For a corporation, the inbox is usually the sales pipeline and the miscellaneous folder is often the CEO’s office. For a country, it is a mix of domestic and international economic, political and military “issues” that converge on the governance apparatus in the country’s capital. In the case of the military, the “miscellaneous” folder is often the special forces.

We recognize the need for the organization scheme to evolve with the flow it is processing, but it is usually hard to operationalize this basic idea. Here’s are some basic principles.

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Coincidences and Correlations

Most people have heard the admonition, “correlation is not causation.” Few have heard the related admonition, “coincidence is not correlation.”

In common usage, a coincidence is about pairs of rare events that have a background relationship within a model. Like thinking about a friend you haven’t thought about for ten years, and then running into him the next day. But here, I mean a more banal technical sense of “coincidence” — juxtaposition. Co-incidence, as in “occurring together”

So if you and I are at a coffee shop at the same time, our mutual presence is a “co-incidence” whether we are long-lost friends or strangers who ignore each other.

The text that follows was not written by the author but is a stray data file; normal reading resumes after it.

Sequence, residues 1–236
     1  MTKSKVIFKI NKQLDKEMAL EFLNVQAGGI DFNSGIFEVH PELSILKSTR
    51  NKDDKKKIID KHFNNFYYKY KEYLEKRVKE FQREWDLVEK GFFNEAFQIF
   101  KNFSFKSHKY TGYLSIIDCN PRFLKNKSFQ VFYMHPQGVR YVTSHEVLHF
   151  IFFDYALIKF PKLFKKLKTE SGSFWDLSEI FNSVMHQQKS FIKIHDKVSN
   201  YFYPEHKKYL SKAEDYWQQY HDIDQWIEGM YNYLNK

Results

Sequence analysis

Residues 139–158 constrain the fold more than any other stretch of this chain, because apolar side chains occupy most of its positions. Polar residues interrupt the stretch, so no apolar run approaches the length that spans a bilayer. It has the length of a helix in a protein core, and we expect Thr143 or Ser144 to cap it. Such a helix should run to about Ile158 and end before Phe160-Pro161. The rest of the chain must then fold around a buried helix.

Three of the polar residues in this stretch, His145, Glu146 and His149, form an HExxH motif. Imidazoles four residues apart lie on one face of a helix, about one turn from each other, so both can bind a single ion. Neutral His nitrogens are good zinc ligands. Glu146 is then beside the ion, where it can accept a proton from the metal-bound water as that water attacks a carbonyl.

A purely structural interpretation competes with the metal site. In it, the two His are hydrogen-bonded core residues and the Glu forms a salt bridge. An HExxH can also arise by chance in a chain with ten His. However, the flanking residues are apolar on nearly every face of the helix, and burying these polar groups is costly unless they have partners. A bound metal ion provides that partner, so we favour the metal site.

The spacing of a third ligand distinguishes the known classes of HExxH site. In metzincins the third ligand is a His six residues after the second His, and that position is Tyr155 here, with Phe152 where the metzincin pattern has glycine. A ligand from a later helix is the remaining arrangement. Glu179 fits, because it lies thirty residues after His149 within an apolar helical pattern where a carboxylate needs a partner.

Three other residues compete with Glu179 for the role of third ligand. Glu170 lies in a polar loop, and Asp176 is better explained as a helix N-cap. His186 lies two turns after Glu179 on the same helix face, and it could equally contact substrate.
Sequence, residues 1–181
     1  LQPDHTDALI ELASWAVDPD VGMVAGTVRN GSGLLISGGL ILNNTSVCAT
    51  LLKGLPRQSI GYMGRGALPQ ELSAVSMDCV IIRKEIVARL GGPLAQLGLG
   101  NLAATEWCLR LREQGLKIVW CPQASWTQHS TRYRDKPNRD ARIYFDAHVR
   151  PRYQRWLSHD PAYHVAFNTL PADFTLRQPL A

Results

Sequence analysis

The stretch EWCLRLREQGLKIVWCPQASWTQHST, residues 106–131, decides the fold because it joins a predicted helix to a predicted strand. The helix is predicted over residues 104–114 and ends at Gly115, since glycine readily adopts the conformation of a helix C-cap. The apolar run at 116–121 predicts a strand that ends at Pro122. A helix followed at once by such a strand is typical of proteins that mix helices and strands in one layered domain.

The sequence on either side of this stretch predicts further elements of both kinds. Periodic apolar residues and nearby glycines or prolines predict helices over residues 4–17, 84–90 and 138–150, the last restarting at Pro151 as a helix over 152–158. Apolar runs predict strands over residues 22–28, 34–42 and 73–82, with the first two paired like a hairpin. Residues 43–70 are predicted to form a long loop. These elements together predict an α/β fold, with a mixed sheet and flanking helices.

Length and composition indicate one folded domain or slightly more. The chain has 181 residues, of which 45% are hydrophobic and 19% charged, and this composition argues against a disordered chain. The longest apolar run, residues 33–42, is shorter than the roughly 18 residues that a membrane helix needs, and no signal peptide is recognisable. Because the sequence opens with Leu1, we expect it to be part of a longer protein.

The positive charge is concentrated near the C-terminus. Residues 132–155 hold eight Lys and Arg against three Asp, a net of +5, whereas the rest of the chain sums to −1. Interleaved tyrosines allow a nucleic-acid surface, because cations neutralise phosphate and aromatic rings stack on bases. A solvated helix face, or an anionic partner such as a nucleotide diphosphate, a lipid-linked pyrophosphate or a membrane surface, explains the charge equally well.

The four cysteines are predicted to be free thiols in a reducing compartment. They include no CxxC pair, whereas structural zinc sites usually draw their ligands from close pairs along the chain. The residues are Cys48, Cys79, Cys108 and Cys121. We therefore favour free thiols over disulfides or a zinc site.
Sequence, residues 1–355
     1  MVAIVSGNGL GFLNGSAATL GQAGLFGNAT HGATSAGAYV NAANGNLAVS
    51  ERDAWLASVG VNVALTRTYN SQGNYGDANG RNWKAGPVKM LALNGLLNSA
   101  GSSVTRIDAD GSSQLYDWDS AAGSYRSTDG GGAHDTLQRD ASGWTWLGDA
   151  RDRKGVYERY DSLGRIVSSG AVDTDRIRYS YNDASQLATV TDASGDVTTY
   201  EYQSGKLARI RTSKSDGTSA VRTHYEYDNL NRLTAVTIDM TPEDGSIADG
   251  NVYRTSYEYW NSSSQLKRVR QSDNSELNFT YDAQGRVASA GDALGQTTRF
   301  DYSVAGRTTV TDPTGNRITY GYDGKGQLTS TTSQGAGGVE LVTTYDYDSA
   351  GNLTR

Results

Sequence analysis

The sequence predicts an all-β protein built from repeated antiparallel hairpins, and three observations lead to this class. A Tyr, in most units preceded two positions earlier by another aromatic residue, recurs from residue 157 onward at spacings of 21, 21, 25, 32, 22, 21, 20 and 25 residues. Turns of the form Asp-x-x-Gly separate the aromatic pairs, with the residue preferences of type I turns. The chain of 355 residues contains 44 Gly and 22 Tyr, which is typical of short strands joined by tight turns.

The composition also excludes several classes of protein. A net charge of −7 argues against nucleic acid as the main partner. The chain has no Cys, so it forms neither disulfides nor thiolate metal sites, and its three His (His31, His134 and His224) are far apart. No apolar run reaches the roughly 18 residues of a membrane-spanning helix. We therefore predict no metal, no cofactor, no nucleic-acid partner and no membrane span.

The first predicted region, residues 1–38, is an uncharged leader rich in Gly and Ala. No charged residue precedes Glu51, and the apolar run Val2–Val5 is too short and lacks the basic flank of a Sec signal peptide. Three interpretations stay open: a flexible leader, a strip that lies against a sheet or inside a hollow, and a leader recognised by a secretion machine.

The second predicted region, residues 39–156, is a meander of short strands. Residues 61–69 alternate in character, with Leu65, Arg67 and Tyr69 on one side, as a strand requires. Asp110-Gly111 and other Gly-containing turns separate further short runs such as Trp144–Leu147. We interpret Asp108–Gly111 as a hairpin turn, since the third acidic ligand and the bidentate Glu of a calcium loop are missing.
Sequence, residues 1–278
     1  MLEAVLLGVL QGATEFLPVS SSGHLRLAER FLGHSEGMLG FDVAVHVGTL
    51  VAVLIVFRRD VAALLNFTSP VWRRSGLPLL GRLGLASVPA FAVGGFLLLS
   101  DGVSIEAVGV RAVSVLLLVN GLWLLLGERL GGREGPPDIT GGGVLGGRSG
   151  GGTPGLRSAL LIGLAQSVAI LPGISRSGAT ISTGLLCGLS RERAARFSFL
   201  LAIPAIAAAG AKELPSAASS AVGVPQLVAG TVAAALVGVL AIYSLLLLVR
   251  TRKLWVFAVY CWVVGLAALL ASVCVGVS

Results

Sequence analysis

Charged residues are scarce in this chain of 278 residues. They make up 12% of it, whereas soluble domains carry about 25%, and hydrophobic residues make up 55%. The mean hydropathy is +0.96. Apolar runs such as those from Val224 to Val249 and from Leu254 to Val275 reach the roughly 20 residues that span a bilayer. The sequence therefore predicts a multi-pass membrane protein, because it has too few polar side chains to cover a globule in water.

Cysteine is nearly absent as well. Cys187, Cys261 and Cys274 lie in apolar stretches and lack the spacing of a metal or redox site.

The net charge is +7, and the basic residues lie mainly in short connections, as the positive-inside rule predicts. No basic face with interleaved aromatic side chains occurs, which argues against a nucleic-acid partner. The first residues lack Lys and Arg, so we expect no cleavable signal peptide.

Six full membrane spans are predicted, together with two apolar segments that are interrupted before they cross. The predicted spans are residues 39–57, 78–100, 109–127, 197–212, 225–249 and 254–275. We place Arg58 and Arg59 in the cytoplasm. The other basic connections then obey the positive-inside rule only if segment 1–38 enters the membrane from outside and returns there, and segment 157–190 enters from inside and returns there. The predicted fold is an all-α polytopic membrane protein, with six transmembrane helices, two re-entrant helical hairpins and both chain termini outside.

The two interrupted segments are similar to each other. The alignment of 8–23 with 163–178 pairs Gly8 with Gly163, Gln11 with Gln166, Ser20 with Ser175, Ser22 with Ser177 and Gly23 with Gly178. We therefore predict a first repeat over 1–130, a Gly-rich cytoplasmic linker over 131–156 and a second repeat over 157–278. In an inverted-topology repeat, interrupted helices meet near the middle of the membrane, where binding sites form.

But why are these two admonitions necessary at all? Why would we assume relatedness among unrelated things, or see causal relationships where there are only correlations? They are necessary because decisions enacted in the real world as opposed to inside your head, share physical time and space with other enactments in progress: situations.

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Lagrangian and Eulerian Decision-Making

This metaphor is not for everybody, but if it works for you, it will probably be very useful.

Writing Tempo has sparked a lot of  fascinating conversations for me. People either seem to immediately get the decision-making model, or find it completely counter-intuitive and bizarre. Some tell me, “this is exactly how I think, thank you for describing the process clearly.” Others tell me, “nobody could possibly think this way, this is ridiculous.”

In reflecting upon the bimodal responses, it struck me that they were coming from two very different kinds of people. The ones who find the model natural are (predictably) somewhat like me: they do most of their thinking inside their heads with models. The ones who find it unnatural seem to do most of their thinking outside their heads by “watching machines work” as it were. What Myers-Briggs types refer to as the Ti vs. Te distinction (ask your friendly neighborhood Jungian to explain this to you). In terms of concepts in the book, this is the difference between narrative thinkers and situated thinkers.

Narrative thinkers tend to process by following a flow of causation, by keeping an evolving model of it going in their heads. Situationist thinkers focus on the logic of the events flowing through a particular static block of space and time: the one they happen to inhabit at the moment. It’s like following a case as it winds its way through the police investigation, different courts, judges and jurys, versus sitting in a courtroom all day and watching slices of different cases each evolve through a chapter locally.